Ultraviolet (UV) rays are a part of sunlight that is an invisible form of radiation. UV rays can penetrate and change the structure of skin cells. There are three types of UV rays: ultraviolet A (UVA), ultraviolet B (UVB), and ultraviolet C (UVC). UVA is the most abundant source of solar radiation at the earth's surface and penetrates beyond the top layer of human skin. Scientists believe that UVA radiation can cause damage to connective tissue and increase a person's risk for developing skin cancer. UVB rays penetrate less deeply into skin, but can still cause some forms of skin cancer. Natural UVC rays do not pose a risk to workers because they are absorbed by the Earth's atmosphere.
Sunlight exposure is highest during the summer and between 10:00 a.m. and 4:00 p.m. Working outdoors during these times increases the chances of getting sunburned. Snow and light-colored sand reflect UV light and increase the risk of sunburn. At work sites with these conditions, UV rays may reach workers' exposed skin from both above and below. Workers are at risk of UV radiation even on cloudy days. Many drugs increase sensitivity to sunlight and the risk of getting sunburn. Some common ones include thiazides, diuretics, tetracycline, doxycycline, sulfa antibiotics, and nonsteroidal anti-inflammatory drugs, such as ibuprofen.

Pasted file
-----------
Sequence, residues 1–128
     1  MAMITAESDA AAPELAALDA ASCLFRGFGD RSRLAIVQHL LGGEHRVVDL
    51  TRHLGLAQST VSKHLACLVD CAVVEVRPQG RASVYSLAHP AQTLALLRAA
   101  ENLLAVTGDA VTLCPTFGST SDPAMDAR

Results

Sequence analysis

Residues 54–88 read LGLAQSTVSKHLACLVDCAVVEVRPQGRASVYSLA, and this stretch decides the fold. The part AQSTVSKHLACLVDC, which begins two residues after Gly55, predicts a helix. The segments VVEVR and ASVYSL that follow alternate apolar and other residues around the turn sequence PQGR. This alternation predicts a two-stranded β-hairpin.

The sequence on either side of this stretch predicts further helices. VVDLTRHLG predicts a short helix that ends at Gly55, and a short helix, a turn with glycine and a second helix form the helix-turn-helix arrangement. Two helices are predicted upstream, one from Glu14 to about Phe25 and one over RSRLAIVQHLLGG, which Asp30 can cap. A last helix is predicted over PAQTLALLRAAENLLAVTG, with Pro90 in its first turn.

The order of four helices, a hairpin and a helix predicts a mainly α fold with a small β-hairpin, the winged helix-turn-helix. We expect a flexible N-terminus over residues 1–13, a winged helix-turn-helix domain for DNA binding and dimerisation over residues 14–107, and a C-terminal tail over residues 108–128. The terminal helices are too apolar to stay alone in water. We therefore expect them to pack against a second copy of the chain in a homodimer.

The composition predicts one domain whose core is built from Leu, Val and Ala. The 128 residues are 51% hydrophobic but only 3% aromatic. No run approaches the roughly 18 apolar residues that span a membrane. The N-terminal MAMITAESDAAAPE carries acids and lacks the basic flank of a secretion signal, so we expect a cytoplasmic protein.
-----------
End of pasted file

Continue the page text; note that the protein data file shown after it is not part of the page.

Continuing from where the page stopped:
Workers at increased risk of UV damage include lifeguards, construction workers, agricultural workers, landscapers, gardeners, and other outdoor workers.
Risks of UV Radiation
Sunburn is an often painful sign of skin damage from spending too much time outdoors without wearing a protective sunscreen. Years of overexposure to the sun lead to premature wrinkling, aging of the skin, age spots, and an increased risk of skin cancer. In addition to the skin, eyes can get burned from sun exposure. Sunburned eyes become red, dry, and painful, and feel gritty. Chronic exposure of eyes to sunlight may cause pterygium (tissue growth that leads to blindness), cataracts, and perhaps macular degeneration, a leading cause of blindness.
Unlike a thermal burn, sunburn is not immediately apparent. Symptoms usually start about 4 hours after sun exposure, worsen in 24-36 hours, and resolve in 3-5 days.
Symptoms may include: